"Both the common law and Congress have provided protection to the holders of recognized trademarks to prevent others from appropriating or copying them and taking advantage of the owner's good will for their own benefit." Coca-Cola Co. v. Purdy, 382 F.3d 774, 777 (8th Cir. 2004). "Congress enacted the Lanham Act over fifty years ago to protect the value of trademarks by encouraging their registration . . . and to provide a federal cause of action to prevent their misappropriation." Id. A primary purpose of the Lanham Act "was to ensure that 'where the owner of a trade-mark has spent energy, time, and money in presenting to the public the product, he is protected in his investment from its misappropriation by pirates and cheats.'" Id. at 777-78 (internal citations omitted).
The Lanham Act provides a cause of action for trademark infringement, 15 U.S.C. § 1114, and unfair competition, 15 U.S.C. § 1125.*fn10 The analysis for both causes of action is the same, Freedom Card, Inc. v. JPMorgan Chase & Co., 432 F.3d 463, 470 (3d Cir. 2005), and requires the plaintiff to prove that (1) the marks are valid and legally protectable; (2) the marks are owned by the plaintiff; and (3) the defendant's use of the marks to identify goods or services is likely to create confusion concerning the origin of the goods or services. Opticians, 920 F.2d at 192; see also Freedom Card, 432 F.3d at 470.
Importantly, the analysis for New Jersey statutory and common law trademark claims is the same as that under the Lanham Act. See J & J Snack Foods, Corp. v. Earthgrains Co., 220 F. Supp. 2d 358, 374 (D.N.J. 2002) ("[T]he elements for a claim for trademark infringement under the Lanham Act are the same as the elements for a claim of unfair competition under the Lanham Act and for claims of trademark infringement and unfair competition under New Jersey statutory and common law"); Harlem Wizards Ent. Basketball, Inc. v. NBA Properties, Inc., 952 F. Supp. 1084, 1091 (D.N.J. 1997) ("N.J.S.A. 56:4-1 is the statutory equivalent of Section 43(a)(1) of the Lanham Act and the analysis for trademark infringement under New Jersey common law is the same as under Section 43(a)(1)"). Therefore, this Court will analyze Vista's claims through caselaw that usually refers to the Lanham Act, but in so doing this Court's conclusions will apply to both the federal and state claims.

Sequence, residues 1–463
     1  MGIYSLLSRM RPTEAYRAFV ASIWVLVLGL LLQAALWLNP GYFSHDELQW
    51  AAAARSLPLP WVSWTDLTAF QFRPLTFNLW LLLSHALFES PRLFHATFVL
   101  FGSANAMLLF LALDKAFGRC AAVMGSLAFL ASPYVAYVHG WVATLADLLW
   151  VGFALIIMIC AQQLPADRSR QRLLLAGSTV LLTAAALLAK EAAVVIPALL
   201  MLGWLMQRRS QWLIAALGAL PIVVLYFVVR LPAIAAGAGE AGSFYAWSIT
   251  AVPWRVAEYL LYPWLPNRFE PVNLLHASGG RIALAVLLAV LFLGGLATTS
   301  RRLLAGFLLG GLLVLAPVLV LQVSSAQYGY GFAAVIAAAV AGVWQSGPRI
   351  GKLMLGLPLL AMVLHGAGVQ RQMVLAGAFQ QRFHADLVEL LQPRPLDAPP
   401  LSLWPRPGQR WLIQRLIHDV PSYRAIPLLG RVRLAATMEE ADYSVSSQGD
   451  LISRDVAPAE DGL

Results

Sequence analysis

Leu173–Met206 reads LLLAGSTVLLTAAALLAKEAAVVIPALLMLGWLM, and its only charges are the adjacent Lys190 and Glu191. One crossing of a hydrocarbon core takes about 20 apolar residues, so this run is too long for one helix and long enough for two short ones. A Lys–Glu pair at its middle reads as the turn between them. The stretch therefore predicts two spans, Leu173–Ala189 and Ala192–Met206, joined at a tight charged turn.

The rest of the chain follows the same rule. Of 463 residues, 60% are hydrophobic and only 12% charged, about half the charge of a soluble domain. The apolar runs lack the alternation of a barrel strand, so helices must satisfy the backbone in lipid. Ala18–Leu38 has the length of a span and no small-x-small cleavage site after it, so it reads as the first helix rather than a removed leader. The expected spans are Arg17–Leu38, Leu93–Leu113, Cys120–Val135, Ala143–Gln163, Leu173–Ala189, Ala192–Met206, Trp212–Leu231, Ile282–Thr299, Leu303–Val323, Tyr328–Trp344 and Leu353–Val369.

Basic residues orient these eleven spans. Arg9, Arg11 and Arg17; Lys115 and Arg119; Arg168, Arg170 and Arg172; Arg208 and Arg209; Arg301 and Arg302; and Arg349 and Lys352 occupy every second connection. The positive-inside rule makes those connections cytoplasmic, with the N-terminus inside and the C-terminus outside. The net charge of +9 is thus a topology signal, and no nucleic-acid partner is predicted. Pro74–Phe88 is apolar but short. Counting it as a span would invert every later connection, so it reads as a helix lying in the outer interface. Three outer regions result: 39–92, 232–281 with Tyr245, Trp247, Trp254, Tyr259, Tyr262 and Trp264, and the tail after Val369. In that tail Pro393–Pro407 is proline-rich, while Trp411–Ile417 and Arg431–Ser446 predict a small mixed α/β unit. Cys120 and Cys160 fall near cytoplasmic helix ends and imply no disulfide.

The terms "trademark" and "service mark" "include any word, name, symbol, or device, or any combination thereof" used by a person "to identify and distinguish" the marks from the goods or services of others. See 15 U.S.C. § 1127 (emphasis added). "The general rule regarding distinctiveness is clear: An identifying mark is distinctive and capable of being protected if it either (1) is inherently distinctive or (2) has acquired distinctiveness through secondary meaning." Two Pesos, Inc. v. Taco Cabana, Inc., 505 U.S. 763, 769 (1992) (citation omitted). In other words, "[i]f the mark at issue is federally registered and has become incontestible, then validity, legal protectability, and ownership are proved." Commerce Nat. Ins. Services, Inc. v. Commerce Ins. Agency, Inc., 214 F.3d 432, 438 (3d Cir. 2000). Otherwise, "validity depends on proof of secondary meaning, unless the unregistered or contestable mark is inherently distinctive." Id. The RAAGA mark is not federally registered and therefore not inherently distinctive on that basis.